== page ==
I may be about to buy a new laptop PC. Trouble is, there are a lot of factors to think about. Many ways to go wrong, leading to hours or days of headache and possibly large amounts of wasted money.
My first stop was the HP website. HP alone has more models than you could shake a stick at, and their charts don’t really explain the relevant differences. None of the charts even lists the number of USB ports, and I’m going to need four (two keyboards, an audio interface, and a dongle). Or maybe five, if I want a mouse. The differences between USB 2.0 and 3.0 may turn out not to be trivial: A device with a 2.0 class-compliant driver might not like being plugged into a 3.0 port.
I checked the Sweetwater site. They only want to sell you Macs, not PCs. Macs are more expensive, migrating some of my software to a Mac might prove problematical, and I’ve heard funny stuff about compatibility issues between music software and OS 10.8. Maybe those issues are ironed out by now … maybe.
The basic advice I used to give to Keyboard readers was, buy something that does what you want today. Don’t buy promises about what something will do in the future. But how do I figure out what does what I want today? I looked on the Cubase forum. There’s a thread on “the best laptops for Cubase.” Unfortunately, the most recent topic-related post in the thread is a year old. Not helpful.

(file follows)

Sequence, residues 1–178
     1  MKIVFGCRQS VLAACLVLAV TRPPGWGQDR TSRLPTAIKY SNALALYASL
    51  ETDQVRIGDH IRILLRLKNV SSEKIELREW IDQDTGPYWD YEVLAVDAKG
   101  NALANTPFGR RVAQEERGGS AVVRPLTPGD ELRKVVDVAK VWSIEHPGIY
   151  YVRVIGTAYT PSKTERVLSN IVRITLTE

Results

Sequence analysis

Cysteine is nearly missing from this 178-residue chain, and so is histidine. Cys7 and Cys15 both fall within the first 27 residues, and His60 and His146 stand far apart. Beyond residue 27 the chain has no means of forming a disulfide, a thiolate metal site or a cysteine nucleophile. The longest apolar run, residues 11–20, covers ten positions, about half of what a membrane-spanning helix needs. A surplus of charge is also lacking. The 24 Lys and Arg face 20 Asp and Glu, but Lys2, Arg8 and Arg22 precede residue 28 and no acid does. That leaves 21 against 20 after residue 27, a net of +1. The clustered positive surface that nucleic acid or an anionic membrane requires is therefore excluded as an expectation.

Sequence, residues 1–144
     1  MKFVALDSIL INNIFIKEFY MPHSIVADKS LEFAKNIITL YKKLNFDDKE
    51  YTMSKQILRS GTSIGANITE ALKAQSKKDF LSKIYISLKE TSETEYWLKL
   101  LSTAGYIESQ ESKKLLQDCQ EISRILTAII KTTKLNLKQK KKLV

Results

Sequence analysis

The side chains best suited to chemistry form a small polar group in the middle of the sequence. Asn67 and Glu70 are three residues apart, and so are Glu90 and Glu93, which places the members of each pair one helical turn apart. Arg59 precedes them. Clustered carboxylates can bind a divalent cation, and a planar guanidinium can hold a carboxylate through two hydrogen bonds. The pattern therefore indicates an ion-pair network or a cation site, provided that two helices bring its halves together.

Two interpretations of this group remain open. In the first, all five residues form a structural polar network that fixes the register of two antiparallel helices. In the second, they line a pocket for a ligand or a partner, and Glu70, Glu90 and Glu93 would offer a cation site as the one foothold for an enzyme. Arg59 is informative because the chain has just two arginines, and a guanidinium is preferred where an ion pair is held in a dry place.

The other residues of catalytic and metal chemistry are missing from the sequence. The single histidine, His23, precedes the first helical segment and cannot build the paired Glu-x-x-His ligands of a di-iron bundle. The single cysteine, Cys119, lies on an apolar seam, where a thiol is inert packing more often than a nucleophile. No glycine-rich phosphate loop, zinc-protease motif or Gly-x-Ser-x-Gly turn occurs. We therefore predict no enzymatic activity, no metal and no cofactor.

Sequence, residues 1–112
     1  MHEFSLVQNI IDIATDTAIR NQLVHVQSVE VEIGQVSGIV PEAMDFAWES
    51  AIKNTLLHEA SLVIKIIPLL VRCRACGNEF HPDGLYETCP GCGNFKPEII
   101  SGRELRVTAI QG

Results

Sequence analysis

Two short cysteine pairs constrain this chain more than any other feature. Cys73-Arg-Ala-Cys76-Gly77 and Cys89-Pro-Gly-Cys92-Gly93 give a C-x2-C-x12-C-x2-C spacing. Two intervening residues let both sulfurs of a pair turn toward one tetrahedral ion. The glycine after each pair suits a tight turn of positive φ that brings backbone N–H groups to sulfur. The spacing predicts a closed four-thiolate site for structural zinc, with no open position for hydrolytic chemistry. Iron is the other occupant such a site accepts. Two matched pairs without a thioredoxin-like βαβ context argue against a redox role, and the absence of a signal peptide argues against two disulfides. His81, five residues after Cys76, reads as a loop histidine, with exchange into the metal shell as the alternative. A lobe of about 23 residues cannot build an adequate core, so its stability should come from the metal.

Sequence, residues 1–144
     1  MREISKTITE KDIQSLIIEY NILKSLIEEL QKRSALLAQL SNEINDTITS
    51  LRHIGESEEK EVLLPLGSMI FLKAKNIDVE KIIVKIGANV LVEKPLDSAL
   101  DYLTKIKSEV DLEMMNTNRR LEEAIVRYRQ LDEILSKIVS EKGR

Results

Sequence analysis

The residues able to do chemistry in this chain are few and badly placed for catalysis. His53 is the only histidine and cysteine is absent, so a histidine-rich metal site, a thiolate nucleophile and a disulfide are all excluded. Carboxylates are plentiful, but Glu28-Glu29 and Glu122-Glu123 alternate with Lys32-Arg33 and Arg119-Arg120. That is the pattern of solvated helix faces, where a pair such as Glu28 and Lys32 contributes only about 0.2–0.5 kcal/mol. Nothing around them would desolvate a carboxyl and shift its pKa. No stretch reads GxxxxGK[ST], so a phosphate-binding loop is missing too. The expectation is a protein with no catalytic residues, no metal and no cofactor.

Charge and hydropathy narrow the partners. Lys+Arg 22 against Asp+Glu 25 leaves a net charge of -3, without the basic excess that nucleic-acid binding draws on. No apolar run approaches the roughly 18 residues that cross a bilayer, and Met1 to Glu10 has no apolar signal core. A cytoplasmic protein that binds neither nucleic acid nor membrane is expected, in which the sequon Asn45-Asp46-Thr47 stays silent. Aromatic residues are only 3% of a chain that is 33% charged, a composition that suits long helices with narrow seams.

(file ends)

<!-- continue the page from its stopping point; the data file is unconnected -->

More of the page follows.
I had a laptop PC for a while. Still have it, in fact. Bought it in 2008. MusicXPC, supposedly fine-tuned for pro audio usage. It developed a nasty trick: When overheated, it would simply shut down without warning. And of course audio processes tend to be CPU-intensive, which can easily lead to quite a lot of heat. How likely is it that the HP site is going to provide information about cooling and heat-related issues? Not very. I guess I can phone them and ask pointed questions.
Musician’s Friend has a few laptop PCs … from MusicXPC and IndaMixx. The latter are Linux boxes. Can’t use one of those. But mostly Musician’s Friend sells MacBooks.
Amazon has the HP Pavilion dv7-7030us (how do they think up these model numbers???) for $850. Hard drive is only 5400 rpm, but it has four USB ports (three of them 3.0). Its built-in audio (which I don’t need) reportedly has four speakers and a subwoofer. A subwoofer in a laptop — now there’s a concept for you.